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Auckland DHB Clinical Immunology and Allergy

Public Service, Allergy and Immunology

Hives/Urticaria - Causes and Treatment

What is urticaria?
Urticaria (also known as hives) is an itchy rash that can appear like welts, which comes and goes in a seemingly unpredictable fashion.  

Sometimes, if you scratch the skin, you may notice it comes up in a raised red line.  This is called dermatographism.

Urticaria is actually quite common with one out of three people getting it at some stage in their life.

The skin swelling seen in urticaria is due to the release of chemicals such as histamine from mast cells and basophils in the skin, which causes small blood vessels to leak. The welts can be a few millimetres or several centimetres in diameter, coloured white or red, often surrounded by a red flare, and frequently itchy. Each wheal (or weal) may last a few minutes or several hours, and may change shape. Wheals may be round or form rings, a map-like pattern or giant patches.

The surface wheals may be accompanied by deeper swelling of eyelids, lips, hands and elsewhere. The deeper swelling is called angioedema and may occur with or without urticarial wheals (10%).

Did you know?  80% of cases of hives occurring in adults are not due to allergy
This is particularly true for hives that are recurrent or chronic (occurring on a daily basis).  Hives due to allergy more often comes on in sudden discreet attacks after food only.  Non-allergic hives can come and go any time of the day, and often occurs overnight or first thing in the morning too. 

Causes of chronic or recurrent hives
Recurrent or chronic hives can be caused by different factors.  Sometimes one of these factors can cause urticaria by itself, but sometimes a combination of multiple factors is needed. 

Also, these factors can be intermittent, causing hives only sometimes.  This can make it confusing when trying to identify the cause.  Here is a list of some common causes:

  • Autoimmune causes - this is where the body's immune system tends to activate itself and cause the hives.  This is quite a common cause of hives.  It is important to note that it is very rare that this signifies any significant other autoimmune disease though.  A thyroid test should be done however.
  • Medications - commonly codeine or non-steroidal anti-inflammatory drugs NSAIDS like ibuprofen, diclofenac, Voltaren, Nurofen and aspirin.  Many cough and cold remedies can contain NSAIDs. One in three adults with recurrent hives will intermittently and unpredictably react to NSAIDs and aspirin.  If this happens all NSAIDs and aspirin must be avoided.  Patients may need an alternative for analgesia, and an Arcoxia challenge can be considered.
  • Stress and any extraordinary or emotional recent events in a person’s life may trigger or maintain hives.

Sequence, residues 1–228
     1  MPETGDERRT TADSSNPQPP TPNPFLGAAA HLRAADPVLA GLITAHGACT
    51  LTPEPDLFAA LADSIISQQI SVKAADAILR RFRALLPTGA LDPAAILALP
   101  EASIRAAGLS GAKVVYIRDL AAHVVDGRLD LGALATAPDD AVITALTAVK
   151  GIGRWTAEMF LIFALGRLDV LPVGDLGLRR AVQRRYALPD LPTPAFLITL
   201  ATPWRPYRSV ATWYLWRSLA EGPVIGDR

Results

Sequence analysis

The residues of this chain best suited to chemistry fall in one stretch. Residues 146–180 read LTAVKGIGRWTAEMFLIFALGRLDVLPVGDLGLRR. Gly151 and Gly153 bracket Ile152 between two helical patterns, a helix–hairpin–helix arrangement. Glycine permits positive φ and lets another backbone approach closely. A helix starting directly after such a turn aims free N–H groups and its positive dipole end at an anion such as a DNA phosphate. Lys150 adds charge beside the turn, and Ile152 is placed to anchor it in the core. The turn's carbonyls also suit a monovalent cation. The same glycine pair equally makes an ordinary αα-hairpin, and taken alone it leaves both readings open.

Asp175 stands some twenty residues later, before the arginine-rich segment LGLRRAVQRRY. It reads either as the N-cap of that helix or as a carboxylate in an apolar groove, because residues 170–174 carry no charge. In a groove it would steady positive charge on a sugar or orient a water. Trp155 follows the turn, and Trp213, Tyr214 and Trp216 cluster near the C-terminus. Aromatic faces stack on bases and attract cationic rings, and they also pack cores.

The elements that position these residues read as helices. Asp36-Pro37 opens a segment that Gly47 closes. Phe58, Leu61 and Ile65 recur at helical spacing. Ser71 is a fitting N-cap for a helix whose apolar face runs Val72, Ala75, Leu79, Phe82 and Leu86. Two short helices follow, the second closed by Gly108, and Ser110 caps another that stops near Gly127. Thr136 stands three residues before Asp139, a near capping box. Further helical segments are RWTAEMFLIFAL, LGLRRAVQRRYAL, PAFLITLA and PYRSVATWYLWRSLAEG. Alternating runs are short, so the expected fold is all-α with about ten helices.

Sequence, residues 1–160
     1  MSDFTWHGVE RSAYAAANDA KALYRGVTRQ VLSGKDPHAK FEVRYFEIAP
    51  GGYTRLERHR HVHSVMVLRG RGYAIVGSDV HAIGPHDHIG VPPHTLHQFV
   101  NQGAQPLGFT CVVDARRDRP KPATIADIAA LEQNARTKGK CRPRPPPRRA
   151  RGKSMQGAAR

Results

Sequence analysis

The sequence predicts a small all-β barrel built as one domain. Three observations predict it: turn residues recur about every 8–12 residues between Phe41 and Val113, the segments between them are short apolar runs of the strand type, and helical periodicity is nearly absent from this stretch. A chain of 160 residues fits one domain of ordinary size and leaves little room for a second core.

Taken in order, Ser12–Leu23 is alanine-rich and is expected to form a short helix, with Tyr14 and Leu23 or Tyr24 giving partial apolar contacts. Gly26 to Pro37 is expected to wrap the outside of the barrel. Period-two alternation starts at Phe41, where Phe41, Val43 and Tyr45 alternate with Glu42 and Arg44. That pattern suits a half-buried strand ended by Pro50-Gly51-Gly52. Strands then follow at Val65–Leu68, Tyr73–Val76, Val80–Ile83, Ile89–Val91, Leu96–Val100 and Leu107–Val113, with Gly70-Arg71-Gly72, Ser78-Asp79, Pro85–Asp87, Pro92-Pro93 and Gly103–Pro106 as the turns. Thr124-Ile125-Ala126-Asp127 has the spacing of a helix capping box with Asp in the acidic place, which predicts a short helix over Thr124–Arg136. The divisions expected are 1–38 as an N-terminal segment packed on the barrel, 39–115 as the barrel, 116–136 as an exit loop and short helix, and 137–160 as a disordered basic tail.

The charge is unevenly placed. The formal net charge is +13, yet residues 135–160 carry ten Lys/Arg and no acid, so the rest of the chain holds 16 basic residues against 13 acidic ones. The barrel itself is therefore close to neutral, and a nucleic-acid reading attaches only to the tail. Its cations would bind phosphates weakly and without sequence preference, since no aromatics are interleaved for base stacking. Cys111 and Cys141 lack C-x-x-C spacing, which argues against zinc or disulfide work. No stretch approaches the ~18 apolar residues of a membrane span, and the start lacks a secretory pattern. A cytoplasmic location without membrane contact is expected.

• Infections including viruses and bacteria.  This often causes hives during or after the infection for a few days.
  • Time of menstrual cycle.
  • Physical triggers may include pressure, cold, heat, sunlight, exercise and, rarely, water. Dermatographism or "skin writing" is marked by the appearance of weals or welts on the skin as a result of scratching or firm stroking of the skin. Seen in 4–5% of the population, it is one of the most common types of urticaria, in which the skin becomes raised and inflamed when stroked, scratched, rubbed, and sometimes even slapped.

Treatment of chronic or recurrent urticaria (hives)
The first step is diagnosis of the cause, which involves accurate, detailed discussion between doctor and patient, with particular emphasis on the multiple factors listed above.  Sometimes, just understanding the role of these multiple factors with intermittent effects, helps a patient understand the nature of hives and can provide a feeling of control over the situation.

Antihistamines

  • For patients with recurrent or even daily hives it is best to take regular antihistamines.  This can be once daily, but often twice daily is needed.  They should be non-sedating such as loratadine or cetirizine.  If hives occur mainly at night or early morning, they should be taken before bed.  Sometimes higher doses of regular antihistamines are required for urticaria than the doses used in other conditions.  In general, these higher doses are well tolerated and side-effects are rare.

Avoid the causes

  • Looking at the factors in the list above to see if any of these can be modified.

Does chronic urticaria go away?
For people who have chronic urticaria (hives every day for more than six weeks), this problem always goes away eventually.  It does tend to take months to completely resolve.  50% of long term cases resolve by one year and 30% resolve the year after.  Milder cases will often go away sooner.

This page was last updated at 3:04PM on August 12, 2021.